Welcome to Bucharest! Romania’s capital is a vibrant city boasting a booming tech scene, hectic nightlife and interesting architecture ranging from communist-era brutalism to interbellum art-deco. This short guide will give you an insider’s perspective on what to see, do and eat while you’re attending The Heroes of Tech Summit.
Public transport is cheap and readily available. A bus ride is 1.3 Romanian lei (33 cents) and a subway ride is 2,5 Romanian lei (66 cents). Subway operating hours are between 5 AM (05:00) and 11 PM (23:00) while bus and tram service continues throughout the night on special night buses. As a rule, you are better off taking the subway over surface transportation as it is both faster and (usually) less crowded. There is also a double decker open top city tour bus available, connecting some of the most important tourist attractions.
Taxies are cheap and plentiful, with the average price per kilometre around the 1.7 lei (43 cents) mark. As a rule, you are better off using Uber or Taxify to get around than taxies as taxi drivers may try to take advantage of visitors.
Bucharest has two bike sharing programs available in most central areas, i’Velo, a docked bicycle sharing system that you need to subscribe to, and Ape Rider, a dockless app-based system. Bucharest does not have a well developed system of bike lanes so cycling usually involves heading out into traffic, something only competent cyclists should attempt. However, most of the places recommended in this guide are close to Calea Victoriei, one of Bucharest’s main thoroughfares which also has a protected bike lane for most of its length. For getting around issues don’t hesitate to call a local host. We are more than happy to help. EU visitors, remember that you can use your data plan to navigate at no additional charge.
The Romanian National Art Museum has some of the most important works of art in Romania, including works by Constantin Brâncuși. Some of the associated museums under the Romanian National Art Museum umbrella are equally interesting to visit.
Once the head offices of 1930’s Romania’s biggest newspaper, the Universul building is nowadays a cultural center home to one of the hippest bars in Bucharest, a theatre, a coworking space, a contemporary dance venue and many, many more.
Bucharest has a booming coffee culture so much so that it has developed quite the international reputation.
Bucharest’s nightlife is generally LGBTQ Friendly but here are some of the most welcoming places
Five cheap eats
Five sit-down meals
Bistro Matrioska – Code for Romania’s home away from home, this quiet bistro is perfect for drinks, lunch or a long day of coding with coffee on the house. For those who can rock a piano, you can sit down and play if you feel up to it.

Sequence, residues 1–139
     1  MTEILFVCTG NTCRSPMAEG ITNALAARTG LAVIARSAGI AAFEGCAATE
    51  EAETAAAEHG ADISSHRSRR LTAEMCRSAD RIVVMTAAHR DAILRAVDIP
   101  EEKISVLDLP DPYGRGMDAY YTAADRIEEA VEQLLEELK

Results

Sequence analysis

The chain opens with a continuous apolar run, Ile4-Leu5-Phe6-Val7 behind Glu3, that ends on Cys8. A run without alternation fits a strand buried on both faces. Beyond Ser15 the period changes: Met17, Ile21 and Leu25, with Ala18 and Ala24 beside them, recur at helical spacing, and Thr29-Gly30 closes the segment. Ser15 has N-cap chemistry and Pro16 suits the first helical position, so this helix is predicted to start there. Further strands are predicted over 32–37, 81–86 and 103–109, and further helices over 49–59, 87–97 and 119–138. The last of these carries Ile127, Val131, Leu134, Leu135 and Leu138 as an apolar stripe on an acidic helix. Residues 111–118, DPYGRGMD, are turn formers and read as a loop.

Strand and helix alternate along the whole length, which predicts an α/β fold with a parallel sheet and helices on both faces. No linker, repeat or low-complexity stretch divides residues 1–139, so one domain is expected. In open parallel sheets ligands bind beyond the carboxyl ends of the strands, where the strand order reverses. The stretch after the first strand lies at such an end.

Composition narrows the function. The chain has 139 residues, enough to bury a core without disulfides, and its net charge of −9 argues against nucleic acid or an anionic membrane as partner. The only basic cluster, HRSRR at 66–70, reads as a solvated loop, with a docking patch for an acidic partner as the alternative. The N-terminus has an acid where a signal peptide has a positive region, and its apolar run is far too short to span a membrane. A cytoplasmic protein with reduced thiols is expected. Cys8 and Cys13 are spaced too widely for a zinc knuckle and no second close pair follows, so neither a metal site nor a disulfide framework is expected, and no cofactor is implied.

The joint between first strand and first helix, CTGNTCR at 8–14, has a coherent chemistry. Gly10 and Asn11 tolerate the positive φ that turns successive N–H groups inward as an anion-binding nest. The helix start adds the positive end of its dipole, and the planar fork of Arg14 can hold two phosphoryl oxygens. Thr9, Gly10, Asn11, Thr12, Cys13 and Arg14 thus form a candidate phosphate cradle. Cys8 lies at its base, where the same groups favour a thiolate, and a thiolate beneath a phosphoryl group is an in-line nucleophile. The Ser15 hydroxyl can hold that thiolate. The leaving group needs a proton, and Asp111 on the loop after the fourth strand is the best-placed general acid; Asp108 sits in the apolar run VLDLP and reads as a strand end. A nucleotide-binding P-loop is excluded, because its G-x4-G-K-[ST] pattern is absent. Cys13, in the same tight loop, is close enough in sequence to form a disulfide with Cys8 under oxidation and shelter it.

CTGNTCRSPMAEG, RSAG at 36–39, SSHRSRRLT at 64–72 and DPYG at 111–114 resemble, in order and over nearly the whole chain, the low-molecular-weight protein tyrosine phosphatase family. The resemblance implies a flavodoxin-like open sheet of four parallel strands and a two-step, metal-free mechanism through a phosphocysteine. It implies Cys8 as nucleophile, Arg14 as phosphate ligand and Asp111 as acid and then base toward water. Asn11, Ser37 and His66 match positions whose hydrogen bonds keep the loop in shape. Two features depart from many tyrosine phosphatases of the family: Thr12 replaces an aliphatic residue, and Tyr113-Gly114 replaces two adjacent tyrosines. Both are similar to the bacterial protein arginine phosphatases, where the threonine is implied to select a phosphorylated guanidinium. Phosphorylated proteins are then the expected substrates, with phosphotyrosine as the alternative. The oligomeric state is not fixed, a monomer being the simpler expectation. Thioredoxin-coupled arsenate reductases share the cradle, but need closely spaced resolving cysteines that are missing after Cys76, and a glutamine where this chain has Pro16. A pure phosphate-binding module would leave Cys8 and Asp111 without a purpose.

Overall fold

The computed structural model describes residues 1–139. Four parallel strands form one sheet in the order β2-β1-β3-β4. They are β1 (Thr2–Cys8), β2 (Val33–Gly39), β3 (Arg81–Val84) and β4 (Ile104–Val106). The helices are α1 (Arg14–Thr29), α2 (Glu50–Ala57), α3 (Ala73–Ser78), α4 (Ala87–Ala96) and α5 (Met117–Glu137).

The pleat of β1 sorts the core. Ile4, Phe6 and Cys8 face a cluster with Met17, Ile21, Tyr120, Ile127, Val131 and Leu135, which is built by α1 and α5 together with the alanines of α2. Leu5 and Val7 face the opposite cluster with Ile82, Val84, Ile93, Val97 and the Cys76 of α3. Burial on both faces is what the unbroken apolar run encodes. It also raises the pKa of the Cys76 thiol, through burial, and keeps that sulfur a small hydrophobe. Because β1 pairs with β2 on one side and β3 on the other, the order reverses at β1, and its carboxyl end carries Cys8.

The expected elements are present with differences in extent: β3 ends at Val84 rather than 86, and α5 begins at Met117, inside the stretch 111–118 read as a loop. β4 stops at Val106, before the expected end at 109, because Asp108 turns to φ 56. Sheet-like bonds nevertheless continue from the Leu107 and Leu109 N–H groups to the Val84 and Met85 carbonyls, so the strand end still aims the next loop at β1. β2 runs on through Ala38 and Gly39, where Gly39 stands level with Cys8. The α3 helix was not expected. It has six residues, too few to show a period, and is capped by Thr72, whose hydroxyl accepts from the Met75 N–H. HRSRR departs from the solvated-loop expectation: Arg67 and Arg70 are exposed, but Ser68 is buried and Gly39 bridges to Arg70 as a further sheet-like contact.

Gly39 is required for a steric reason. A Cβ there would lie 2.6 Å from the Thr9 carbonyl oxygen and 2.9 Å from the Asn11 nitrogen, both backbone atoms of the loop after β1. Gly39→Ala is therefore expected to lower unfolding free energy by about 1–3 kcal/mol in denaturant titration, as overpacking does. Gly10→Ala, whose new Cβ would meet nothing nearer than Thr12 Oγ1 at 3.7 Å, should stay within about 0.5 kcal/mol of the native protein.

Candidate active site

Five fine dines
Caru’ cu Bere – THE classic, this 19th-century style restaurant serves authentic Romanian food and locally brewed beer. There are folk dancing shows with traditionally clad dancers every hour. Try the Papanași (fried donuts served with jam and cream) for dessert.
Lacrimi și Sfinți – Owned by a Romanian poet, revolutionary and media personality this little place is as quirky as its owner. With its own spin on Romanian staple food and tableside minstrels, Lacrimi și sfinți is a must see. The translation of its name is Tears and Saints.
Clubul Țăranului – this inexpensive bar/restaurant is situated at the ground floor of the Romanian Peasant Museum and serves just about any food but is well known for its platters of Romanian cold cuts and warm appetizers.
Sports and Fitness
For those looking to rent a car or hop on a train and get around a bit after the summit Sinaia (2h) is a taste of old, golden age Romania, next to breathtaking mountains. Dracula’s Castle (3h) in Bran guards the entrance to Transylvania but getting there might be a chore on weekends as traffic jams are frequent. Mamaia (3h) on the seaside is Romania’s foremost Black Sea resort although it might be all but dead in October.
Closer to Bucharest, Therme (30 minutes) is a large and affordable pool and spa complex, featuring the largest urban beach in Europe, mineralized pools, rainforest saunas and many more. Mogoșoaia Palace (30 minutes) is right outside Bucharest, a popular day-trip destination for many locals. Cernica forest (45 mins) is also popular with Bucharest locals, less so for the 17th-century monastery and more for the ample barbecue room.